|Moon of Alabama | Mar 15, 2017|
When the U.S. was confronted with an insurgency in Iraq it did not find fault with own behavior but identified Syria and Iran as the culprits. It decided to attack them too. As Seymour Hersh reported in 2007:
To undermine Iran, which is predominantly Shiite, the Bush Administration has decided, in effect, to reconfigure its priorities in the Middle East. In Lebanon, the Administration has cooperated with Saudi Arabia’s government, which is Sunni, in clandestine operations that are intended to weaken Hezbollah, the Shiite organization that is backed by Iran. The U.S. has also taken part in clandestine operations aimed at Iran and its ally Syria. A by-product of these activities has been the bolstering of Sunni extremist groups that espouse a militant vision of Islam and are hostile to America and sympathetic to Al Qaeda.Four years later the U.S. used the Sunni militants it created to first attack Libya and then Syria. With U.S. support the militants destroyed the independent Libyan state under Ghaddafi. The country is now in total chaos. In Syria the militants, with clandestine support from the U.S. and its allies, waged a six year long war to overthrow the government. Many of them joined the Islamic State and al-Qaeda, the Takfiri offsprings of the U.S. program and Saudi money that went (somewhat) rogue. These groups did not limit, as the U.S. wished, their attacks to U.S. enemies but committed several larger scale attacks against U.S. allied countries. Now the groups themselves are enemies.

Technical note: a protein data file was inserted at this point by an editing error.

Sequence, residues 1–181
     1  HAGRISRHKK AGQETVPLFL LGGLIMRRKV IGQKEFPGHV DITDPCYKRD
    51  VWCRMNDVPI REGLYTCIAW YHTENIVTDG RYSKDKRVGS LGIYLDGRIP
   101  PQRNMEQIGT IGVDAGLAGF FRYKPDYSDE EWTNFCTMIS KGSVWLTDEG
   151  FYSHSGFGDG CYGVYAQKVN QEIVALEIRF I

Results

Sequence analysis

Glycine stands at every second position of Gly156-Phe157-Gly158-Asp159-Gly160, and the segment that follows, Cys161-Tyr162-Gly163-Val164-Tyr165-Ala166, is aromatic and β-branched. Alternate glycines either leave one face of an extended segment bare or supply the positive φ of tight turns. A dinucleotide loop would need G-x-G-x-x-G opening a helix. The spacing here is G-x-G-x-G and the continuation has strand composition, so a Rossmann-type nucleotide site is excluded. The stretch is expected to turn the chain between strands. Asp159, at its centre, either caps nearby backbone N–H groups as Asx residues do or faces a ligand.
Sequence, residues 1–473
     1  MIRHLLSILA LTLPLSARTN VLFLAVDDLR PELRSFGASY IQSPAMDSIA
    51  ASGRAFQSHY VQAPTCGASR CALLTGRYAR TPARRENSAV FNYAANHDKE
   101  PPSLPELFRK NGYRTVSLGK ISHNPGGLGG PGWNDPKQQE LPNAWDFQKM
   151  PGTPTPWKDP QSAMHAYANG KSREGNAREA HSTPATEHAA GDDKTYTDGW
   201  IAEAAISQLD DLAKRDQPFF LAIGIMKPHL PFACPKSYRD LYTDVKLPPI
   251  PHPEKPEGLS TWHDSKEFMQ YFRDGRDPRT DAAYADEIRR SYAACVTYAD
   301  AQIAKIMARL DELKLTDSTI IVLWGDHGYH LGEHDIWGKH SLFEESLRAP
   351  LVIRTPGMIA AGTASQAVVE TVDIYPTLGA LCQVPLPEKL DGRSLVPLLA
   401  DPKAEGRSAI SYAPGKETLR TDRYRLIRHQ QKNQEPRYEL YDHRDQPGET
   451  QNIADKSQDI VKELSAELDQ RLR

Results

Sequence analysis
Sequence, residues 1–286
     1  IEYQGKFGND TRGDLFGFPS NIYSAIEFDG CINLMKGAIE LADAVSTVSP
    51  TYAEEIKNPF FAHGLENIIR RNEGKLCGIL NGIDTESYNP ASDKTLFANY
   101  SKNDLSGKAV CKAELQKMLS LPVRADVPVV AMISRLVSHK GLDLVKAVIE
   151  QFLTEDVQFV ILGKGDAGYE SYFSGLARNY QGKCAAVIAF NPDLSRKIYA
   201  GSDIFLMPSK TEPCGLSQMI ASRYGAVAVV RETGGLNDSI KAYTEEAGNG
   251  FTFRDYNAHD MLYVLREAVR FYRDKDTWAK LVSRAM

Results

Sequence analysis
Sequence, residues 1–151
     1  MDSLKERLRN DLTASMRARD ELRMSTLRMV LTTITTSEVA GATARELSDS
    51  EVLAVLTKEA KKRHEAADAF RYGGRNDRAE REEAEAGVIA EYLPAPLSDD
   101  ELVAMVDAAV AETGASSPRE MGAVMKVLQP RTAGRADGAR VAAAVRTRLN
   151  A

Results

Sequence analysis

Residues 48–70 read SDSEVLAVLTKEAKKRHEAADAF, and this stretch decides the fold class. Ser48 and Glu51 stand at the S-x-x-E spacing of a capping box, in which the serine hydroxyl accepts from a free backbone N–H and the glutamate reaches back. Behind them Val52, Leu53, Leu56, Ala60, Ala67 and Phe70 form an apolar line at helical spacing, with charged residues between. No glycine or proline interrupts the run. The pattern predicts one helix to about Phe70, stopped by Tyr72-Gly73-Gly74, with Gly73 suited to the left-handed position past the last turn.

The project of creating a controllable "Sunni Arab force" to destroy Syria had failed. The Pentagon made another attempts, spending tens of millions of dollars, to train a new Sunni Arab force in Syria to attack the Syrian government as well as the Takfiris. As soon as these new groups entered into Syria they joined the Takfiris and handed over the weapons the U.S. army had given them.
The U.S. is now engaging with Russia and local Kurdish forces in Syria to destroy the Takfiri groups on the ground. The Kurds are of various religions and denominations with a mostly secular outlook. That plan made some progress though an actual attack on Raqqa, the current center of the Islamic State, is still weeks off. The Syrian government is winning its part of the fight in the west of the country.
But that is not enough for the U.S. neoconservatives. Their task is to further Zionist plans by creating more chaos in the Middle East. Their partner and money source is the Sunni-Wahhabi Saudi Arabia. Having successfully arranged the destruction of Iraq, various failed "surges" as well as the attack on Syria, they cannot condone that the Syrian government survives the war.
Thus they set out to create a new (the third now) Sunni-Arab force to continue what their original war plan prescribed.
Frederick and Kimberly Kagan, luminaries of the neoconservative family, initiate their new campaign on the neoconned opinion pages of the Wall Street Journal: A New Strategy Against ISIS and al Qaeda - The U.S. has been relying too heavily on Shiites and Kurds. It needs to cultivate Sunni Arab partners.
The Kagan family - other well known members are Robert Kagan and Victoria Nuland - were also main instigators of the war on Iraq. Here they are in 2008 strolling (heavily guarded) through the occupied Basra, Iraq amusing themselves off the destruction they created.
It says in short: The U.S. shall shun the Kurds and not cooperate with Russian, Syrian or Iranian forces. It shall create another Sunni Arab proxy insurgency in Syria to fight ISIS and al-Qaeda and also the Syrian government. The first steps towards that are already premised on fiction: